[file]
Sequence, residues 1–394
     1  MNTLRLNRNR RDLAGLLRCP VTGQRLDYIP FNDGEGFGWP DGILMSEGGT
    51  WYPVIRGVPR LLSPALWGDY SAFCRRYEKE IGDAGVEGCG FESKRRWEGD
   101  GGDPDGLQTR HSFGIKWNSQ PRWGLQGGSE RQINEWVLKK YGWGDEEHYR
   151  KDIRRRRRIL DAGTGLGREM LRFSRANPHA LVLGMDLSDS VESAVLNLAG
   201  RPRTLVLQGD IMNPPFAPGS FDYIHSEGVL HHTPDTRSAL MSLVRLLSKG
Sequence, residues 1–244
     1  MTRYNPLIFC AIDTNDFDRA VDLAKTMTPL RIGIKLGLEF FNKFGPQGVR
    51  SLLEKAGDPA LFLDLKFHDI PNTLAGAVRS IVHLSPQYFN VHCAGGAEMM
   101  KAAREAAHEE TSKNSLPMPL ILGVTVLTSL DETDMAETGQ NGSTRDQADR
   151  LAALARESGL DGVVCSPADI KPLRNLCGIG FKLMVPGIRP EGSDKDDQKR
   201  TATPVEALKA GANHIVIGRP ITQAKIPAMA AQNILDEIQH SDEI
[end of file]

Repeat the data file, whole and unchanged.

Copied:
Sequence, residues 1–394
     1  MNTLRLNRNR RDLAGLLRCP VTGQRLDYIP FNDGEGFGWP DGILMSEGGT
    51  WYPVIRGVPR LLSPALWGDY SAFCRRYEKE IGDAGVEGCG FESKRRWEGD
   101  GGDPDGLQTR HSFGIKWNSQ PRWGLQGGSE RQINEWVLKK YGWGDEEHYR
   151  KDIRRRRRIL DAGTGLGREM LRFSRANPHA LVLGMDLSDS VESAVLNLAG
   201  RPRTLVLQGD IMNPPFAPGS FDYIHSEGVL HHTPDTRSAL MSLVRLLSKG
Sequence, residues 1–244
     1  MTRYNPLIFC AIDTNDFDRA VDLAKTMTPL RIGIKLGLEF FNKFGPQGVR
    51  SLLEKAGDPA LFLDLKFHDI PNTLAGAVRS IVHLSPQYFN VHCAGGAEMM
   101  KAAREAAHEE TSKNSLPMPL ILGVTVLTSL DETDMAETGQ NGSTRDQADR
   151  LAALARESGL DGVVCSPADI KPLRNLCGIG FKLMVPGIRP EGSDKDDQKR
   201  TATPVEALKA GANHIVIGRP ITQAKIPAMA AQNILDEIQH SDEI